Expatriates may wish to educate their children on the value of sunscreen in order to avoid having to make a claim on international private medical insurance policies.
British Skin Foundation communications and press officer Bevis Man claimed specialists know the majority of skin damage resulting from sun exposure takes place before people reach the age of 20.
"It's certainly worth educating children," he declared, noting youngsters like playing outdoors in the sunshine "by their very nature".
Using sunscreen and wearing appropriate clothing can cut the likelihood of young people being harmed by the sun and they should therefore be taught what they can do to protect themselves from dangerous UV rays, the specialist continued.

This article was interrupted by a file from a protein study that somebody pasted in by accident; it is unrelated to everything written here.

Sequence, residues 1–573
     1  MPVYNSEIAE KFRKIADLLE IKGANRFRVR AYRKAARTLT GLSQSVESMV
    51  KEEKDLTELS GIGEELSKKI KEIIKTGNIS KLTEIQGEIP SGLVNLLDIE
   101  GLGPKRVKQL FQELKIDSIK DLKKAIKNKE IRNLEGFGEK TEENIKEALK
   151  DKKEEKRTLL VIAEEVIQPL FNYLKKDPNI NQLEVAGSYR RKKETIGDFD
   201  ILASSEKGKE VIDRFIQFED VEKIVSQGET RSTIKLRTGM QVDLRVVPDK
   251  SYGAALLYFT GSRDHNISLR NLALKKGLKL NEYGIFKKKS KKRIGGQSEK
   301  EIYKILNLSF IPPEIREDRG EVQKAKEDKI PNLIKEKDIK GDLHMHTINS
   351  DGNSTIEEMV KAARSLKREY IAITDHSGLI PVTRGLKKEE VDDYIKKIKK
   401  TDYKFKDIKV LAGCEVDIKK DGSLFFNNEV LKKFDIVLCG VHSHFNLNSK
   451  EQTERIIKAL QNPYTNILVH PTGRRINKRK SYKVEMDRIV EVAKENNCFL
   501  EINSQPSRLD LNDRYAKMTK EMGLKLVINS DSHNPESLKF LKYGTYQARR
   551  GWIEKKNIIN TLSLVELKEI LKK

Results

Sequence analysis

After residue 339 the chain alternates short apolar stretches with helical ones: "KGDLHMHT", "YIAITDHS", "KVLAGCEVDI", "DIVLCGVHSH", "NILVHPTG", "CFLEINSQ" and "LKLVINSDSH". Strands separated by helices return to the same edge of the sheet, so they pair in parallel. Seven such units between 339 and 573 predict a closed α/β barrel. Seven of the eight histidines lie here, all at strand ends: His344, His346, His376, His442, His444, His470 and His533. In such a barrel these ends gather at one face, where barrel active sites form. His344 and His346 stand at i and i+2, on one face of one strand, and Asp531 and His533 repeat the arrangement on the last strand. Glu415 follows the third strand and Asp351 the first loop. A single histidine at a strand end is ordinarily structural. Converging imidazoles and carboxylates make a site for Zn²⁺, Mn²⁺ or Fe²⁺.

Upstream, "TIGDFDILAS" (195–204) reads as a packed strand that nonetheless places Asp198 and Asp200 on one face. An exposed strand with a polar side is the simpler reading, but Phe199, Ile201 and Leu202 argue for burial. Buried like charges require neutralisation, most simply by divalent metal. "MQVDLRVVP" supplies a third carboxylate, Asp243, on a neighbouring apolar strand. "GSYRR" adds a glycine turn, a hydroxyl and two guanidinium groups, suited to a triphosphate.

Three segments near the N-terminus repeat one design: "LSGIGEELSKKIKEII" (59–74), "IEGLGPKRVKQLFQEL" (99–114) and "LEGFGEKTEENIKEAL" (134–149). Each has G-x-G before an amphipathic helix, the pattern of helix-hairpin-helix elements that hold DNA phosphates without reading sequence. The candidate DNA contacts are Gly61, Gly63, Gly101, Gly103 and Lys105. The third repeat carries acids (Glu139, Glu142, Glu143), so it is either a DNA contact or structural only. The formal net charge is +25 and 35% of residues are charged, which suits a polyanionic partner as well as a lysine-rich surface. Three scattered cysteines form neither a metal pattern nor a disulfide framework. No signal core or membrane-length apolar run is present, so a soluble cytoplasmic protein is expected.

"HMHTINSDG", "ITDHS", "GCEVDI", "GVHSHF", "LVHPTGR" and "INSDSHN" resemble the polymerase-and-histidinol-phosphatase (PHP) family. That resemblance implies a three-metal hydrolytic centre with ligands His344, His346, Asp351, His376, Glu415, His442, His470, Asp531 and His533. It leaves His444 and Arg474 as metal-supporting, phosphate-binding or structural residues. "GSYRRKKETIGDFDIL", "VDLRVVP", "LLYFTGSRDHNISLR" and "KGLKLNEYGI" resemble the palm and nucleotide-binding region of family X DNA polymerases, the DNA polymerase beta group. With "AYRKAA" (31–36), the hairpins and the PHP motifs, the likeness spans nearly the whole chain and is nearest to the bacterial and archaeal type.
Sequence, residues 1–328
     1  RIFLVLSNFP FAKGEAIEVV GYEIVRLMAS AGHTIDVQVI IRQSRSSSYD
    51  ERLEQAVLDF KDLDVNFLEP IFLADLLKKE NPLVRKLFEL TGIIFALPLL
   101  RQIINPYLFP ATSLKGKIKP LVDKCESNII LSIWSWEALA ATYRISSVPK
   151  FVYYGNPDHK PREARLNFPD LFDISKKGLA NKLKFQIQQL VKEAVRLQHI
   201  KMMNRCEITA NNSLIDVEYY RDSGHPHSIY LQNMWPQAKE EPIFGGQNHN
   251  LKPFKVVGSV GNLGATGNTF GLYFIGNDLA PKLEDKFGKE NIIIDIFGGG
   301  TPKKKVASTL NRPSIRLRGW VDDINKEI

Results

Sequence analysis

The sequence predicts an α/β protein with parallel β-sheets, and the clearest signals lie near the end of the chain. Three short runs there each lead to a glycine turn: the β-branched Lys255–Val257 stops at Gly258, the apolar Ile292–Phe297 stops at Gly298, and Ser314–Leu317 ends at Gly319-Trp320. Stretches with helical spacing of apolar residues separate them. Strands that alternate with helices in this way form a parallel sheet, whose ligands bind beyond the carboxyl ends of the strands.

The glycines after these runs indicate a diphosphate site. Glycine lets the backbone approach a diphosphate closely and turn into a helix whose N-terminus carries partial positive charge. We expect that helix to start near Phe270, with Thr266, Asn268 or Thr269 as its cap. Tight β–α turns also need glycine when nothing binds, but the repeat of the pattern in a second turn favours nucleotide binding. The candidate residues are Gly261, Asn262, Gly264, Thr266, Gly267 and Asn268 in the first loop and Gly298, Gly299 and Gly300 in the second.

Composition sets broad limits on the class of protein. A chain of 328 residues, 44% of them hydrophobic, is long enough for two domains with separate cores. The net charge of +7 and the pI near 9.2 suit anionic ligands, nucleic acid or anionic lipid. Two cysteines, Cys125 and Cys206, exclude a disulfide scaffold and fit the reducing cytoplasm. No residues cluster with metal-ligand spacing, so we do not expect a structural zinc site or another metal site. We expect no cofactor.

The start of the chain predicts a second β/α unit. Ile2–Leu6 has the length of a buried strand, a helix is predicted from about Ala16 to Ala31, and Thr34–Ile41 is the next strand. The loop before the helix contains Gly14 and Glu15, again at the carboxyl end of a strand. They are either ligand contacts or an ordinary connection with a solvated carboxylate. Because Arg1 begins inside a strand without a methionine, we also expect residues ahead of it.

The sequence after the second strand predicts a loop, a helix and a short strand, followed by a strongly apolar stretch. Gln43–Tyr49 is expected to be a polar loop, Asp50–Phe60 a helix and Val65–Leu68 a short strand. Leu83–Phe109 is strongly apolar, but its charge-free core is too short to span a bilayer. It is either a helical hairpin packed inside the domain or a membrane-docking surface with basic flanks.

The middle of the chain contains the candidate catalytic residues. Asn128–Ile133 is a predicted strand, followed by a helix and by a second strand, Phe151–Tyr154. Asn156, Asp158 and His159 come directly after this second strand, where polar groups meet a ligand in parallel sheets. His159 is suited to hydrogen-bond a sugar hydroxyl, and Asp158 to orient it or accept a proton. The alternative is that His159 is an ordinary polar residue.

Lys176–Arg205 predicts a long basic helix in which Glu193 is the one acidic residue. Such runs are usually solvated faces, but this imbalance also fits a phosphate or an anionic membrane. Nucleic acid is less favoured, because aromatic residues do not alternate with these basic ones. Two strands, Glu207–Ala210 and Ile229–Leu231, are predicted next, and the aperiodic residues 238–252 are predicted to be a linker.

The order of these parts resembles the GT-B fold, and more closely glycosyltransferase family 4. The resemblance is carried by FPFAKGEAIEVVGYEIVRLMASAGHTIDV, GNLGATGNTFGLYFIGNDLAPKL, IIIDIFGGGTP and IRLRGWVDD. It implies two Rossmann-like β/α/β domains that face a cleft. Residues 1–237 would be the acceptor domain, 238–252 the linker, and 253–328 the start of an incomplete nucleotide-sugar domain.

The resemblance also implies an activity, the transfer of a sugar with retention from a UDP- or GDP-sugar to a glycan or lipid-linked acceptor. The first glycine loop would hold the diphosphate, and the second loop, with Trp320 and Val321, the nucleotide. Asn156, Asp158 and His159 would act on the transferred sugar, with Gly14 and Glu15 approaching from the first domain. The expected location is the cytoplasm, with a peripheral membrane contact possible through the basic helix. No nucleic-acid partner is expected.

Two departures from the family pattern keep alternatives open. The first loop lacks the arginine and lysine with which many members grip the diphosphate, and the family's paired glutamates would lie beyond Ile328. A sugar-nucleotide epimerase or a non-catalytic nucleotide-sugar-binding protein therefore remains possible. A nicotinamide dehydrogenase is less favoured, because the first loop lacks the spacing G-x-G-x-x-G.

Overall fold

It is also useful to ensure they understand why avoiding sunburn is so important for their health, Mr Man declared.
Schools could play a role in this as well as mothers and fathers, he noted, pointing out most of the information relating to the danger from the sun faced by children is targeted towards their parents.
While some educational facilities are "very active in this area", others are not and echoing messages about sun safety during school hours would "certainly help" to deal with this issue, the expert remarked.
However, the only way of discovering whether or not these warnings have been effective is by analysing the behaviour of the youngsters when they are adults, Mr Man stated.
A recent survey published in the journal Pediatrics indicated sun damage while young is linked to an elevated risk of developing melanoma.
Furthermore, as children grow up and become teenagers, they have a greater desire to tan but are considerably less likely to use sunscreen, the investigation revealed.
The study was carried out over three years and the rates of sun lotion use declined by a half, yet this habit can heighten the likelihood of a person developing fatal skin cancers, the researchers argued.
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